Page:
Inventory is getting more competitive.  Finding the niche sites is harder to do.  Eric illustrates how to use MediaMetrics to your advantage but what about his mentioning of Alexa and Quantcast?  How are leading media buyers and planners using those as well?  How do you integrate to become more effective in an increasingly competitive marketplace?  With over 20M sites, Quantcast is one of the fastest growing media planning tools out there – especially for the smaller agency who can’t afford Comscore.  The cutting edge sites recognize that, and so they are flocking to Alexa and Quantcast for that reason.  They want the new, new media dollars.


Re-targeting is hot.  Ouch!  Eric glosses over this with a simple explanation.  He knows this topic better and to assume that the audience just get’s it, is part of the problem in this space.  People are not spending time going deep with the details.  I blog about this topic too frequently to go off on it now, but I do think that when we get into an In-Focus article we should see more practical insight into how to use these technologies so that there is a take-away that we can apply ourselves. 


When you advertise on the same sites, month after month, the composition of your advertising audience is increasingly becoming more and more comprised of both your customers and your previous leads.  People frequent the same sites.  If you advertise in the same places – presumably because they continue to perform – you will be exposing yourself to more and more of the same people.  You still perform well because the audience is large enough to generate new opportunities.  But there are existing customers and former leads there too.  Re-targeting is very important to advertisers who spend money on the same sites.  Having the opportunity to communicate to your existing customers and your former leads is vital.  Why re-prospect your customers when you can cross-sell, up-sell and regenerate more revenue from them?  Why re-pitch a lost lead the same way again?  Acknowledge their disinterest the first time around and play on it, maybe it will work.


Everyone likes to use buzz words, I’m guilty of it too.  Long tail and Web 2.0 are two of my favorite.  People don’t even necessarily know what they mean any longer.  Or they never did.


“To be fair, the dilution of context when weighed in the balance of media efficiency may not justify the exercise, but in the end, we’re really interested in the behavior of our prospects.”  Huh?  Okay, actually this statement by Eric makes more sense in this blog than it did in his article.  I am pretty sure he was trying to explain that undervalued inventory, when bought in larger volume, can have as great of an impact as that premium space.  So look into that.  RightMedia Exchange is a great source of decent inventory at a great price.  And of course there are a ton of networks out there.  Eric did point out that buying behavioral targeting services will boost your response rates and if you buy that inventory at auction, you could be doing even better with your ROI.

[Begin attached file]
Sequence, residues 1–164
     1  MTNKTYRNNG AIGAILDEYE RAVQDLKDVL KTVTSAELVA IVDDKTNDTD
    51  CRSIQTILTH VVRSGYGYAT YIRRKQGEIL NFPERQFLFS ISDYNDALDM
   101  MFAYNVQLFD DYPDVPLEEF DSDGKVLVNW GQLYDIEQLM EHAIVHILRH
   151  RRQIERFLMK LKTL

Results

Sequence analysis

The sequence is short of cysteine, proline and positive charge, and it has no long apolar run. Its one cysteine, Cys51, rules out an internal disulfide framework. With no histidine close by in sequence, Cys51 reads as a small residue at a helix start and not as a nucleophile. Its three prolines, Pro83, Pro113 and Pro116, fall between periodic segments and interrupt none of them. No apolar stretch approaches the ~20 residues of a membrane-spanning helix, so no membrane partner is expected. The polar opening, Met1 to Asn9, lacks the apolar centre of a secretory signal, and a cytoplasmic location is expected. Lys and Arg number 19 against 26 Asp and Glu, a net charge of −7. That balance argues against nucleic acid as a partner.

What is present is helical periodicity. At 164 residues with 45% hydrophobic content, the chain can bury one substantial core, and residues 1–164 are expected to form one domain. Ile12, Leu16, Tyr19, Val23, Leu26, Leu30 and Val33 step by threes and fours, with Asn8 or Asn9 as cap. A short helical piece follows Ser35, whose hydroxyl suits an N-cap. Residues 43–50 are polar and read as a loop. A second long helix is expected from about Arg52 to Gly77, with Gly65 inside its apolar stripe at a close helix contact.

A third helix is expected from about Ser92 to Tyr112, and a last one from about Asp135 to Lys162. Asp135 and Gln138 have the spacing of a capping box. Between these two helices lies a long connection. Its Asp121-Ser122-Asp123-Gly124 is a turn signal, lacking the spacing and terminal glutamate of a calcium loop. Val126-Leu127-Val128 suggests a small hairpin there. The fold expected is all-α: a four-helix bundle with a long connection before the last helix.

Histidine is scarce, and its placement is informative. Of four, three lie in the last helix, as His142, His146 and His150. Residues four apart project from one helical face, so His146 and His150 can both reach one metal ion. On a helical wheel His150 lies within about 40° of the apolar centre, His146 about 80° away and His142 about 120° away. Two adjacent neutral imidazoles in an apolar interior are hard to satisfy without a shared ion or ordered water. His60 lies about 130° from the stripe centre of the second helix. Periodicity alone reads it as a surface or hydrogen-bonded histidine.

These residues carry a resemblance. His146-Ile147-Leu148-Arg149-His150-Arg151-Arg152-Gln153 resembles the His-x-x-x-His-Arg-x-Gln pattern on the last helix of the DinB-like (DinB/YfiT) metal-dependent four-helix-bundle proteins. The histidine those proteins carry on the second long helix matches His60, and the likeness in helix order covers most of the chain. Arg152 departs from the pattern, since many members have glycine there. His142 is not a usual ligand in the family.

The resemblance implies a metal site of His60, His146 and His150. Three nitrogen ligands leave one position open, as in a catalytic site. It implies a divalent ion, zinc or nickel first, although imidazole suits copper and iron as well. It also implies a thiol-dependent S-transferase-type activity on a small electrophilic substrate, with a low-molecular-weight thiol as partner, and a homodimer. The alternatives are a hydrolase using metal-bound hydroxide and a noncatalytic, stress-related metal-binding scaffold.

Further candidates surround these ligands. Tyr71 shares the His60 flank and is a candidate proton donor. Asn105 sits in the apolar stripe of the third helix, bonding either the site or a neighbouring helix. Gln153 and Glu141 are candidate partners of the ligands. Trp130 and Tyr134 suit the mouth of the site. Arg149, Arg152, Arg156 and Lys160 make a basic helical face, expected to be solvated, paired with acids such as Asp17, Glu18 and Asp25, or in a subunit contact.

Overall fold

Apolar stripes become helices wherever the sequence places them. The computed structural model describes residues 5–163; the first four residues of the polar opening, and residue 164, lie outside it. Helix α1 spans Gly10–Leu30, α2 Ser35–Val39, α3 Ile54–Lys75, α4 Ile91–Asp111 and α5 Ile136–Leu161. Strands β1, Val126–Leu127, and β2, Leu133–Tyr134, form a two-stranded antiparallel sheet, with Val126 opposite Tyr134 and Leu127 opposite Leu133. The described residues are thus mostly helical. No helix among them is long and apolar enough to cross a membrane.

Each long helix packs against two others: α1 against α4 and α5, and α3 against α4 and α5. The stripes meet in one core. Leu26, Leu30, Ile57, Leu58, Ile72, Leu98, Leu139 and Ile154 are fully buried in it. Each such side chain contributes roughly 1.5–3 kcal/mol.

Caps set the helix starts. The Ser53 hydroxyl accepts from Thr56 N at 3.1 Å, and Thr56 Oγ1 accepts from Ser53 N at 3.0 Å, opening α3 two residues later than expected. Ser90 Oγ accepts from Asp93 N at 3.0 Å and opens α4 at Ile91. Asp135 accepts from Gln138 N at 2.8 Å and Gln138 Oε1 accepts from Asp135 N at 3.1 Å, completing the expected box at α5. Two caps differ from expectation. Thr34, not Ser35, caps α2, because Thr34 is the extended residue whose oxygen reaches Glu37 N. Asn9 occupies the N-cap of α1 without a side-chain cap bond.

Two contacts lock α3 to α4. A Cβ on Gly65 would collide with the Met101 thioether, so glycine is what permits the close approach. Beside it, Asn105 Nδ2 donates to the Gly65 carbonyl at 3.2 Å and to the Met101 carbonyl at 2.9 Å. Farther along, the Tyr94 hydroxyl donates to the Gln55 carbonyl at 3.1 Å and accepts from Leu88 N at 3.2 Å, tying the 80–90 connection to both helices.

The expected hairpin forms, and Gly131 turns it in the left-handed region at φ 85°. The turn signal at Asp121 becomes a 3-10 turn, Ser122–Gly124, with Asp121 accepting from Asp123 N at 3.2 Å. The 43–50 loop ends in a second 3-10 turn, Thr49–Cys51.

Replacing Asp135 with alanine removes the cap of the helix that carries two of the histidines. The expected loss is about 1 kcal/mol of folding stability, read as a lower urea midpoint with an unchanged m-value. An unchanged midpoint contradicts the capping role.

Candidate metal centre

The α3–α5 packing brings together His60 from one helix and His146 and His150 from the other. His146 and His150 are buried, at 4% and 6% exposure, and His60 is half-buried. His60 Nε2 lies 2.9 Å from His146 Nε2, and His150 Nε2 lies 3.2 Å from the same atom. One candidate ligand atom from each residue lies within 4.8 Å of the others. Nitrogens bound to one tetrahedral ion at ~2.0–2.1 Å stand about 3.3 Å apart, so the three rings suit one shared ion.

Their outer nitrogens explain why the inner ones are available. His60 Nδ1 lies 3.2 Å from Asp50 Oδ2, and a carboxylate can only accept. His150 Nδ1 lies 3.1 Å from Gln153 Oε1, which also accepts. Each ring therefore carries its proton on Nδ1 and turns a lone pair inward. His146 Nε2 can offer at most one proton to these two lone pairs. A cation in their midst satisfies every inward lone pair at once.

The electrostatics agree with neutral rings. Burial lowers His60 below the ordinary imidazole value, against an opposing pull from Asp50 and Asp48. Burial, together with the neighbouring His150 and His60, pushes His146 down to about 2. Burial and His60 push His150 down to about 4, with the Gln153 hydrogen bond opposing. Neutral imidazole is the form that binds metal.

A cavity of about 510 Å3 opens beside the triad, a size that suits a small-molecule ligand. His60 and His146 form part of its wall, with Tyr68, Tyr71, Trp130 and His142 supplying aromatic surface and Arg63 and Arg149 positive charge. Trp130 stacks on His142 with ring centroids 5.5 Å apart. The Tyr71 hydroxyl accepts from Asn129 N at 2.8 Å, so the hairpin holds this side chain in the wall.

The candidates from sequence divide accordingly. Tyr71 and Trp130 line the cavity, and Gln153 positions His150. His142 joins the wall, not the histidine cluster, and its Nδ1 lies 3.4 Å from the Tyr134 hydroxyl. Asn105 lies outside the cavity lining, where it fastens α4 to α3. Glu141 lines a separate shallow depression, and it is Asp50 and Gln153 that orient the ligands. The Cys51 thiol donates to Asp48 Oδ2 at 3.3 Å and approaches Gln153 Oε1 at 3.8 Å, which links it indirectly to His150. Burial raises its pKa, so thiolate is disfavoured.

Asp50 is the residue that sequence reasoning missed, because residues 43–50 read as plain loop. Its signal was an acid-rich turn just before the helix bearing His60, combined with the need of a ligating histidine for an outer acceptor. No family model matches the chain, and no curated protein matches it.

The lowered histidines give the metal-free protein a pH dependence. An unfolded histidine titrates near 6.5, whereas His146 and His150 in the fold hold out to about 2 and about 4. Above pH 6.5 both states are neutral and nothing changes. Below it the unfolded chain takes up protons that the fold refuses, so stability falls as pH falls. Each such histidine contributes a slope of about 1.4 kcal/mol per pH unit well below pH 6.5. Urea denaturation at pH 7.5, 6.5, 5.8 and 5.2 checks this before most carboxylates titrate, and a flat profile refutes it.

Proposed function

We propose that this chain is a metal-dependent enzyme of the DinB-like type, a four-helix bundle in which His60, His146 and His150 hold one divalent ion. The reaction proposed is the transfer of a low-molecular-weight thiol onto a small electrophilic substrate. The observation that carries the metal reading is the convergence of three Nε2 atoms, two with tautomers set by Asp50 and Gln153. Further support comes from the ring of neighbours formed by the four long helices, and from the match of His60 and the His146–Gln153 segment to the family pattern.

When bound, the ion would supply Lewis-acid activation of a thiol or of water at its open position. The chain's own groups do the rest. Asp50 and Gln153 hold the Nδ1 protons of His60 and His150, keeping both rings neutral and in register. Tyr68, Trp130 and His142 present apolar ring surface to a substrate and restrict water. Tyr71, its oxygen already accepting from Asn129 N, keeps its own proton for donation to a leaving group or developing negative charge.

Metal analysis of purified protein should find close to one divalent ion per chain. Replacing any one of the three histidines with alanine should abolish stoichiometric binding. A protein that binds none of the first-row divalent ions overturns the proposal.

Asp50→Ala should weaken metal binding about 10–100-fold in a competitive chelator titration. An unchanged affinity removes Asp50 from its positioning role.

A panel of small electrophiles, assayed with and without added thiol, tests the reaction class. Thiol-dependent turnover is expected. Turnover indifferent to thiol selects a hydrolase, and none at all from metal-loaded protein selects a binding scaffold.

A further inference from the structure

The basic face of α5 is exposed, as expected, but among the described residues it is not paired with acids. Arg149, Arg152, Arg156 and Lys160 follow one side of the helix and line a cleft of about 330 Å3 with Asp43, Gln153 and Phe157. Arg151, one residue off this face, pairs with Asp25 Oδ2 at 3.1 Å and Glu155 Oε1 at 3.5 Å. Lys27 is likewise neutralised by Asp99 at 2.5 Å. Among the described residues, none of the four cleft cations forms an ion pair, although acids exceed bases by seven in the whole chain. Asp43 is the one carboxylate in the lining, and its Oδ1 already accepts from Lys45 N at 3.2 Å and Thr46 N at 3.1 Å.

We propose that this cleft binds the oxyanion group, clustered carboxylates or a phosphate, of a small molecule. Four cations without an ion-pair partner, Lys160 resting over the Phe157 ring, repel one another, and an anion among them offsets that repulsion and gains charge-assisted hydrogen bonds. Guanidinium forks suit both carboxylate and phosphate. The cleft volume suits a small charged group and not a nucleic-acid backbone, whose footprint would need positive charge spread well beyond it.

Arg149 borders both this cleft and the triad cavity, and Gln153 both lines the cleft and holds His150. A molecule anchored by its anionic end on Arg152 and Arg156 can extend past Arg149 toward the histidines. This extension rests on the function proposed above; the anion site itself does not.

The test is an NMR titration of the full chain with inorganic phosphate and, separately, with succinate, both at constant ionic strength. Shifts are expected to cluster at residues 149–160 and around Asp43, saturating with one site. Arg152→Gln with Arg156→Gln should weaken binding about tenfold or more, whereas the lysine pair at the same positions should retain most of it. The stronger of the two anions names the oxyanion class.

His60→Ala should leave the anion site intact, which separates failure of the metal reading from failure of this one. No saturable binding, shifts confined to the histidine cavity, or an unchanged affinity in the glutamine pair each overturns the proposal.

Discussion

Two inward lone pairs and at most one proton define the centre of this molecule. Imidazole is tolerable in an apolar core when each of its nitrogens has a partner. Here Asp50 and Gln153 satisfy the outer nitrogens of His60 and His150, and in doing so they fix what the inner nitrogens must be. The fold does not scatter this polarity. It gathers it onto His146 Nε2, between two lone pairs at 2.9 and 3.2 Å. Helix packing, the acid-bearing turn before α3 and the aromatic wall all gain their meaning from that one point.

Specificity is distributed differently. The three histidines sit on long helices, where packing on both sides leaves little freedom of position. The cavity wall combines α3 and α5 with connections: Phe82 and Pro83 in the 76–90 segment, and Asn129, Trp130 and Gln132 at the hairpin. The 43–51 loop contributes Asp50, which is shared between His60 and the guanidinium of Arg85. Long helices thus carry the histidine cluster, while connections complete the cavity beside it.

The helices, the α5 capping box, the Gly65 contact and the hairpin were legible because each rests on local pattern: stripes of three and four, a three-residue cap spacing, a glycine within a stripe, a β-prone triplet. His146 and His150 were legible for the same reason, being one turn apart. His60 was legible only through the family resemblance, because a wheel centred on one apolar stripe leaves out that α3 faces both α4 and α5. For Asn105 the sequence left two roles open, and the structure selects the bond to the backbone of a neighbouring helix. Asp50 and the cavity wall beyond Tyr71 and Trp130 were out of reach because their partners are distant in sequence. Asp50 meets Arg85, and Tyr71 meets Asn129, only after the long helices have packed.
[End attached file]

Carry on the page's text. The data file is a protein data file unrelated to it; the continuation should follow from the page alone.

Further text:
Of course, there are always the non CPM models.  If you are buying direct response, you don’t have to buy CPMs.  Can you still deploy BT if you are not buying CPMs?  Actually you can.  You can’t count impressions, but you can cookie your visitors and your customers and use an ad server to serve your ads.  Obviously you will be serving a huge number of impressions, so find an ad server willing to negotiate a great rate for you – use a low file size and agree to a high volume commitment and some ad servers will play ball.  But if you use a first party ad server (TruEffect) or a BT-providing ad server (DoubleClick’s Boomerang) then you can still do it.


What about Search?  Can you do BT?  You can’t on the serve, but you can once the click takes place.  You can cookie the user or read the cookie on the user’s browser and then drive them to unique landing pages using something like CoreMetrics.